This is the first of what is to be a three-part series of posts on Amy Bouzaglo and her new cookbook, “Baking with Amy.” This first post is a discussion of how she and her bakery, which was located in Scottsdale, Arizona, came to be internationally known. The next two posts will be as follows:
Baking with Amy, Part III: My Results with a Favorite Dessert from Amy Bouzaglo’s Cookbook.
I will insert the links for the newest articles once I’ve posted them.
Ordinarily, when I want to review a book, I simply write a review. But, I’ve now read several other people’s reviews of Amy’s cookbook (all positive) and every one of them is met in the comment section with criticism for not addressing the television show, “Kitchen Nightmares.” I really wanted to address that, anyway, because it pertains to some problems that women – especially beautiful, talented women – face at the hands of cyberbullies (most, but not all of whom, are males) and real-life harassers. Amy’s story, also, touches on the abuses of male chefs, which are commonly reported by women chefs. You would think for all the times that men keep telling us to get back in the kitchen, they’d be happy whenever we are there – but, no! I, also, wanted to keep the review of the cookbook separate from this whole discussion. My review is very positive. I love the book and I’m going to tell you, in the next post, why I think it’s so good. But, what I have to say here is not so pleasant because it revolves around subjects like bullying and the deceptive fraud that is reality television.
In some of the earliest posts at this blog, I’ve discussed the hoaxes that get passed off as news. I’m sure some people find it hard to believe or just don’t want to believe it. It’s scary to think that almost everything you see on television and a lot of the trends that occur online are based on pre-planned fraud perpetrated by people who are generally trusted television personalities. (This is the nature of PsyOps as written about by the the modern father of propaganda, Lt. Col. Michael Aquino.) Anytime you see something on television or online that is being turned into a major event, you should put on your critical thinking cap.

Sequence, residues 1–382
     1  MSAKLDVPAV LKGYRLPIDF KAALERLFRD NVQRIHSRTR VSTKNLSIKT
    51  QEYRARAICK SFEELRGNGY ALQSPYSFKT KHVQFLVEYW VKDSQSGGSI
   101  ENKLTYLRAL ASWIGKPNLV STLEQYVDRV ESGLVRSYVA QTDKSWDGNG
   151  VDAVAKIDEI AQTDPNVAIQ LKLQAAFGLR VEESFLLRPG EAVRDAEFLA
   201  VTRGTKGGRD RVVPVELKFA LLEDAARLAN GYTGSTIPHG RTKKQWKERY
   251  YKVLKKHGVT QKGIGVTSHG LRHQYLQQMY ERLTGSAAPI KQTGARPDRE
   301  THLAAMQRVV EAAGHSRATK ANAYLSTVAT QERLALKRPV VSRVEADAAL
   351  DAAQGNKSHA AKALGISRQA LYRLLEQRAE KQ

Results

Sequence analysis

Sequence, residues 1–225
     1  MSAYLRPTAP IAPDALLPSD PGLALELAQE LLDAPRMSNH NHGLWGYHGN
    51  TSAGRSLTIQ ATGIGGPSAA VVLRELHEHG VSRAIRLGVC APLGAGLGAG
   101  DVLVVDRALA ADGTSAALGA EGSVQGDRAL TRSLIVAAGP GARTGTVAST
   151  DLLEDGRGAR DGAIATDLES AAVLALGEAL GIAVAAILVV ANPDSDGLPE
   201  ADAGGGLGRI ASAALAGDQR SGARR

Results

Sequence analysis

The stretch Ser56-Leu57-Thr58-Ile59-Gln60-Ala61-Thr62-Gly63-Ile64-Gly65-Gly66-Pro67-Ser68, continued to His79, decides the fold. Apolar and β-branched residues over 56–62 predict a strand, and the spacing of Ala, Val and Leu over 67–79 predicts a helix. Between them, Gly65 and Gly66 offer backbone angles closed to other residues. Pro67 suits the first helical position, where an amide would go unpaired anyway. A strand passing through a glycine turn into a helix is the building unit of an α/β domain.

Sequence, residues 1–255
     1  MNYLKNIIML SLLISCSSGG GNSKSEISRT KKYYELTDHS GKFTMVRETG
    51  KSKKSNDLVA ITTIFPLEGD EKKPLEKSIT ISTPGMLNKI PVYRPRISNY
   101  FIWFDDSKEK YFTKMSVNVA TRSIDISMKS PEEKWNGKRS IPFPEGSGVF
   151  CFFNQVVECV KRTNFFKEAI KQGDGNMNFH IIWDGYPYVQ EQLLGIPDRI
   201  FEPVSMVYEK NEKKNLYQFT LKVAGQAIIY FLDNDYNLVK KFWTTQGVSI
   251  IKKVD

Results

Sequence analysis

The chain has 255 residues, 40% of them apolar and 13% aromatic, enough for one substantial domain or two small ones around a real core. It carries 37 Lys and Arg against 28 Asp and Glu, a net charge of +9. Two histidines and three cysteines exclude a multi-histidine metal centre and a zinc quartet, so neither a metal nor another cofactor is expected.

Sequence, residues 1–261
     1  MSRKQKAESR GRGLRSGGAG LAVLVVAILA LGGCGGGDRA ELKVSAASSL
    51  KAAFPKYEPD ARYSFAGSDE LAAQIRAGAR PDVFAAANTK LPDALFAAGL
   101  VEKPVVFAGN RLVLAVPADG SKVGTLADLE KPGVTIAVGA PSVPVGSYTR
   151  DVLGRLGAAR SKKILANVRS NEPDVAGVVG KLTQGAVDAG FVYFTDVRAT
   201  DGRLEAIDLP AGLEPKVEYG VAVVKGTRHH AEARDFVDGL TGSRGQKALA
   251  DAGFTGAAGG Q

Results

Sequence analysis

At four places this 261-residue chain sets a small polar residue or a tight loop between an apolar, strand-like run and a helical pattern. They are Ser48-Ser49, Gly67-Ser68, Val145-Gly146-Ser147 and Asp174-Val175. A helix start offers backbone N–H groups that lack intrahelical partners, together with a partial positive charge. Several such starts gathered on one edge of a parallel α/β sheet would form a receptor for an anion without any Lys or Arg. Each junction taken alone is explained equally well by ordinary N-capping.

Once you learn what to look for, it’s easy to spot fraud.
For instance, I’ve discussed previously the Roanke, Virginia shooting hoax involving a reporter and cameraman supposedly being shot on air. But, if you slow down the two videos provided, which were supposed to have been filmed at the same exact time (one by the cameraman, which supposedly was live on air and the other by the alleged shooter), you see that (1) they don’t match up and (2) no cartridges and no wad are ejected by the fake, stage prop Glock. The “news” is fake, at least, a lot of it is and the rest appears to be greatly manipulated as can be shown through endless examples that go back, at least, as far as the late 1960s, in my own investigations. They’ve been faking the news for, at least, that long in order to manipulate public opinion and to get and keep viewership.
Viewers (and now internet and social media denizens in conjunction with mainstream television viewers) are usually manipulated for, at least, one of two reasons: To sway public opinion about a matter and to make money (often by means of ratings).
Not everyone is ready to accept the truth about the news being manufactured. But, everybody knows that Reality T.V. is fake, right?!
Well, wrong – apparently. Nonetheless, it is as scripted and planned out as any fictional television programming. The people making the programs, also, use some dirty tricks to illicit the reactions they want to get from the people in the programs. They spend days filming with multiple cameras from different angles, then edit it all down into one approximately 25 minute (for a half-hour show ) or 45 minute (for an hour-long show) series of clips.